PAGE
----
Tax Court denies partnership loss deduction for lack of evidence of basis

The Tax Court has ruled in Namen v. Commissioner (T.C. Memo 2017-24) that a podiatrist in private practice could not deduct his distributive share of loss in a partnership because the taxpayer could not provide enough evidence to establish basis in the partnership interest.

The taxpayer was a member of a surgery center organized as a limited liability company (LLC) and treated as a partnership for U.S. federal income tax purposes. The taxpayer deducted his distributive share of the partnership loss on his personal return. The IRS denied the deduction under Section 704(d), which limits the deduction for a partner’s loss to the partner’s basis in the partnership interest. The excess loss is instead carried forward for a deduction in a future year in which the partner has a sufficiently adjusted basis in his or her partnership interest.

The taxpayer testified that he made contributions and was personally liable on loans made to the LLC in an attempt to establish basis in his partnership interests. However, the taxpayer provided no documentation to corroborate his testimony. Additionally, the taxpayer did not provide any evidence regarding the amount of his distributive share of partnership losses and the extent of any prior adjustments to the basis in his partnership interest. The Tax Court found that the evidence was not sufficient to establish his basis in the partnership interest or the extent to which he was entitled to the distributive share of any partnership losses.

The Tax Court cited another recent case, Hargis v. Commissioner (T.C. Memo 2016-232), in its opinion. In Hargis, the taxpayer deducted her distributive share of partnership losses from LLCs that operated nursing homes on her personal return. The IRS denied those deductions because the taxpayer did not provide adequate information, including numeric computations, to establish the basis in her partnership interests. Additionally, the taxpayer provided no evidence (other than providing copies of loan agreements and witness testimony) to explain how and to what extent loans made by third parties to the LLCs affected the basis in her partnership interests. The Tax Court asserted that the existence of loan documents and “generalized testimony” was not enough to establish basis in the taxpayer’s partnership interest.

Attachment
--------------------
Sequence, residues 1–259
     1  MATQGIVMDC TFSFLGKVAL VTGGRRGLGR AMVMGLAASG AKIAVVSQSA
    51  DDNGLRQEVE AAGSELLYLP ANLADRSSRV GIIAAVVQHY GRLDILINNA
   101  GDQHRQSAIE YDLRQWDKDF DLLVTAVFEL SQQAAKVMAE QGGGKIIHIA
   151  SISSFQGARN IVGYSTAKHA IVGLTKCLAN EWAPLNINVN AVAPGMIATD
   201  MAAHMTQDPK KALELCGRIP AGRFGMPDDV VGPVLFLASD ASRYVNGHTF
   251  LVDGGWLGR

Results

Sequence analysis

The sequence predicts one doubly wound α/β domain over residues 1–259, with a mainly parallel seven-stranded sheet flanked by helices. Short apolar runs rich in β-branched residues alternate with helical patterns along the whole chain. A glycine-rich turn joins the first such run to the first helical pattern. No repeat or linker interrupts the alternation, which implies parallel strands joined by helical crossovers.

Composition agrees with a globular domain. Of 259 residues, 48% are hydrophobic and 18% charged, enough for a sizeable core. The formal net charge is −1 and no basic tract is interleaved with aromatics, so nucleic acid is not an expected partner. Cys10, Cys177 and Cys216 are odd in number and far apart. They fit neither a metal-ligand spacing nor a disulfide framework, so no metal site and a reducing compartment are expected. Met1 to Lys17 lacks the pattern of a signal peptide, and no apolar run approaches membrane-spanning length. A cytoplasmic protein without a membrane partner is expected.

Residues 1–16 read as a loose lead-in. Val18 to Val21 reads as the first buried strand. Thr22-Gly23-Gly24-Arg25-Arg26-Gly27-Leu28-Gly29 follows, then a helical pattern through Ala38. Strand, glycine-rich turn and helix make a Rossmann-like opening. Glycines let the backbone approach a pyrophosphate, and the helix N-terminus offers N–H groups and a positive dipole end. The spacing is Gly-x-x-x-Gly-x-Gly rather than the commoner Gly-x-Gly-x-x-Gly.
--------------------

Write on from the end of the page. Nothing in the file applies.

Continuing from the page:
Contact Grace Kim
Principal, Washington National Tax Office
+1 202 521 1590

Tax professional standards statement
This content supports Grant Thornton LLP’s marketing of professional services and is not written tax advice directed at the particular facts and circumstances of any person. If you are interested in the topics presented herein, we encourage you to contact us or an independent tax professional to discuss their potential application to your particular situation. Nothing herein shall be construed as imposing a limitation on any person from disclosing the tax treatment or tax structure of any matter addressed herein. To the extent this content may be considered to contain written tax advice, any written advice contained in, forwarded with or attached to this content is not intended by Grant Thornton LLP to be used, and cannot be used, by any person for the purpose of avoiding penalties that may be imposed under the Internal Revenue Code.

The information contained herein is general in nature and is based on authorities that are subject to change. It is not, and should not be construed as, accounting, legal or tax advice provided by Grant Thornton LLP to the reader. This material may not be applicable to, or suitable for, the reader’s specific circumstances or needs and may require consideration of tax and nontax factors not described herein. Contact Grant Thornton LLP or other tax professionals prior to taking any action based upon this information. Changes in tax laws or other factors could affect, on a prospective or retroactive basis, the information contained herein; Grant Thornton LLP assumes no obligation to inform the reader of any such changes. All references to “Section,” “Sec.,” or “§” refer to the Internal Revenue Code of 1986, as amended.